World Class Cities - it's the people, stupid!
"The fact is that when we're talking about Cities we're talking about people," said Andrew Carter, Deputy Chief Executive, Centre for Cities when speaking at Birmingham MadeMe Design Expo in June.
Cities were the greatest human invention. They were a great way of sharing, collaborating, competing.
There had been some debate about whether through technology developments the world would become flatter, but in fact it had become spikier as cities were in general attracting much more activity to them. But the 'range of spikiness' varied greatly.
"Turns out that geography matters more in modern economies. Being able to exchange ideas, innovation and share new purposes and ideas."
Another feature of modern economies was that 'the more you learn the more you earn'.
Workers in cities were more productive- up to 10% more productive. Cities had become more important than they were historically, but there was no divine right.
"There has been the re-emergence of Chicago, Berlin and Barcelona. But Detroit and Milan have been declining competitively - Milan moving from top five to top 10 and declining."
Why did some Cities succeed and some fail? It varied as they all tended to differ in their paths to success.
However, five lessons were emerging -
1) Tilt policy playing field towards cities. National government needs to give preference to Cities over other places
2) Being open to ideas wherever they originate. National and local policy needs to recognise this. Do we celebrate the fact that we're open enough?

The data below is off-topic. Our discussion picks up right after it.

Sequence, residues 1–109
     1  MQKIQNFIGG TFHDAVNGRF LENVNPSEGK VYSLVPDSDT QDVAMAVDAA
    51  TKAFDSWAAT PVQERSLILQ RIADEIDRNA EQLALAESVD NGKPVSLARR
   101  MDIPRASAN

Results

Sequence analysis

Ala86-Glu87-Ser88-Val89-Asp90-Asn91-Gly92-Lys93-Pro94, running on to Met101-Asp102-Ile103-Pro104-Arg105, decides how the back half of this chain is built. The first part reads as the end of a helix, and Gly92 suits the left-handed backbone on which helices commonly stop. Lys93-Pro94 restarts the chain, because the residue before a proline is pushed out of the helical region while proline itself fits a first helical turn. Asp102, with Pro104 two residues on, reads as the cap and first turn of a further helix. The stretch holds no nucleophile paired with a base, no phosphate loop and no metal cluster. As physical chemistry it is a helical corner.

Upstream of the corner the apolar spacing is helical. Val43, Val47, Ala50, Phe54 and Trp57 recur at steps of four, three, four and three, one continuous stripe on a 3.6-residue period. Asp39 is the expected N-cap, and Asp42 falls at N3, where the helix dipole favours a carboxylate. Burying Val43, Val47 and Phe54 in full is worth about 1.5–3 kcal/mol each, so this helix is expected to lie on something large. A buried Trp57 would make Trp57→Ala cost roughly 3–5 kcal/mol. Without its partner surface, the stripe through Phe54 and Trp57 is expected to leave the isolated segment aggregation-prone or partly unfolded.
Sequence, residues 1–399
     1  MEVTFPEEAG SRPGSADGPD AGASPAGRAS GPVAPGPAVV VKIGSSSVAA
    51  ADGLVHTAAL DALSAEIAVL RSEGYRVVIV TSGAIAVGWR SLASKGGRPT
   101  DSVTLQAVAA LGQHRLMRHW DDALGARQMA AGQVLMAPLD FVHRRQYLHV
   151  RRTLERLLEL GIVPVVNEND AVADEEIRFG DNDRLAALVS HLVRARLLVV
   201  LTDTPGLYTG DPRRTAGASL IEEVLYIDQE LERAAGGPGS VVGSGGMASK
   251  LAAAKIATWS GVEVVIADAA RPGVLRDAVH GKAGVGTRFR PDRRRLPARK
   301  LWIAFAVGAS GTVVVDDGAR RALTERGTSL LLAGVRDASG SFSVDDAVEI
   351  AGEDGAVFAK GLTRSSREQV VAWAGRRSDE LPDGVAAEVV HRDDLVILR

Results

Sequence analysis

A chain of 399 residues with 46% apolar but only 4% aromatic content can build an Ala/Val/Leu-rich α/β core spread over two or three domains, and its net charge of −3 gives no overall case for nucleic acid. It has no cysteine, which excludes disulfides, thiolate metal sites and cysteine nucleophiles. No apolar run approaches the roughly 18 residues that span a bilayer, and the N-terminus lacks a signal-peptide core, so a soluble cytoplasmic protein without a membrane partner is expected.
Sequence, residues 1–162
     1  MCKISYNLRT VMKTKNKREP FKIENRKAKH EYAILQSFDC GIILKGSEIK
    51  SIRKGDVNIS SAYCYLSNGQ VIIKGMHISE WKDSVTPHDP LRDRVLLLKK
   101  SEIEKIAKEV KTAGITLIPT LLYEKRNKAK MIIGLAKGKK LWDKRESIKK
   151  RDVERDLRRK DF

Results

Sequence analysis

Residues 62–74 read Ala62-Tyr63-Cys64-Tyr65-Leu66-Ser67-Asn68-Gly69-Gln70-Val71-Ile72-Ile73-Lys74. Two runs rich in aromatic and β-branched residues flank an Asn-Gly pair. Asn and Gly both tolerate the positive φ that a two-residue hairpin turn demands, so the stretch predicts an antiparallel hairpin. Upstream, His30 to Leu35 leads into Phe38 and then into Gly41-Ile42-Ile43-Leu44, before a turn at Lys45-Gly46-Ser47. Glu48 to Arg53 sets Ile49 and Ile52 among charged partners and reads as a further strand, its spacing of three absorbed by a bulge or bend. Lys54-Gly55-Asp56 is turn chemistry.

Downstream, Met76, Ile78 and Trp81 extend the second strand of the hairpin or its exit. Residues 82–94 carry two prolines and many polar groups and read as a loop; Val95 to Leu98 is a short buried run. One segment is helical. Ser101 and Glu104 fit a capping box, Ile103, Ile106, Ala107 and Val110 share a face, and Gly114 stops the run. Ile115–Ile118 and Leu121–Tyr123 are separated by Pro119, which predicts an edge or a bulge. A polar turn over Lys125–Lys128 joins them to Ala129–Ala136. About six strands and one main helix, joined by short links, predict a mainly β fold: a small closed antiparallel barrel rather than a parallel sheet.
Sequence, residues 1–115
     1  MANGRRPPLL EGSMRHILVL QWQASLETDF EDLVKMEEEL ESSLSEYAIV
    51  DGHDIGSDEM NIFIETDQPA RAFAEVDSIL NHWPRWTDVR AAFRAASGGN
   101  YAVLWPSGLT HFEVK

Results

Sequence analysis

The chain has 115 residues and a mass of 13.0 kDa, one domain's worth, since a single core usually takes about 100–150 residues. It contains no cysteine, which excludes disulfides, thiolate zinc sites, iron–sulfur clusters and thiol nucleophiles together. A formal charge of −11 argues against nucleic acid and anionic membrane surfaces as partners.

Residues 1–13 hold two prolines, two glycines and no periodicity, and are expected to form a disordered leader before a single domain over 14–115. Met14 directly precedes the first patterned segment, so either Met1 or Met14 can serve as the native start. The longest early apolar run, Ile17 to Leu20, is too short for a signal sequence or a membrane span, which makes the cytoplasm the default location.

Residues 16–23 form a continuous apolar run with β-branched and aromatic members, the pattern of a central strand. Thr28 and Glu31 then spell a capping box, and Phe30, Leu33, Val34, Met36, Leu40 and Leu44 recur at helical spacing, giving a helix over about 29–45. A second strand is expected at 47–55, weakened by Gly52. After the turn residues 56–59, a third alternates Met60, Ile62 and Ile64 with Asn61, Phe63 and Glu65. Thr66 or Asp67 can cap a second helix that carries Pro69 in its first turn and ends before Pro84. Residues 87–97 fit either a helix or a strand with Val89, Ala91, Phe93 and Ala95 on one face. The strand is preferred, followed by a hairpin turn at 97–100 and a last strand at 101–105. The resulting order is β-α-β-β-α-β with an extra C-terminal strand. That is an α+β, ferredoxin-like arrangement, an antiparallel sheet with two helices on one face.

3) Unrelenting obsession with education is critical. Going back as far as 1901 and looking at the skills profiles of cities you can predict the success of cities to an 80% degree of accuracy
4) Physical environment needs to incentivise and encourage interactions. It was important that we were not segmenting, but bringing people together
5) Enjoyment - people come into cities to live and consume different aspects of life
What does this mean for Birmingham?
1) City Centre - how you plan and integrate this is important.
We need to be developing a 'hub and spoke' approach to regional governance. Stewart Towe, Chairman of the Black Country LEP (BCLEP) had recognised the role of the BCLEP as an important spoke working with the 'hub' of Birmingham City.
2) City region connections: the difficulty of getting around any city is a competitive problem
3) Skills profiles - more graduates would be increasingly important to future competitiveness.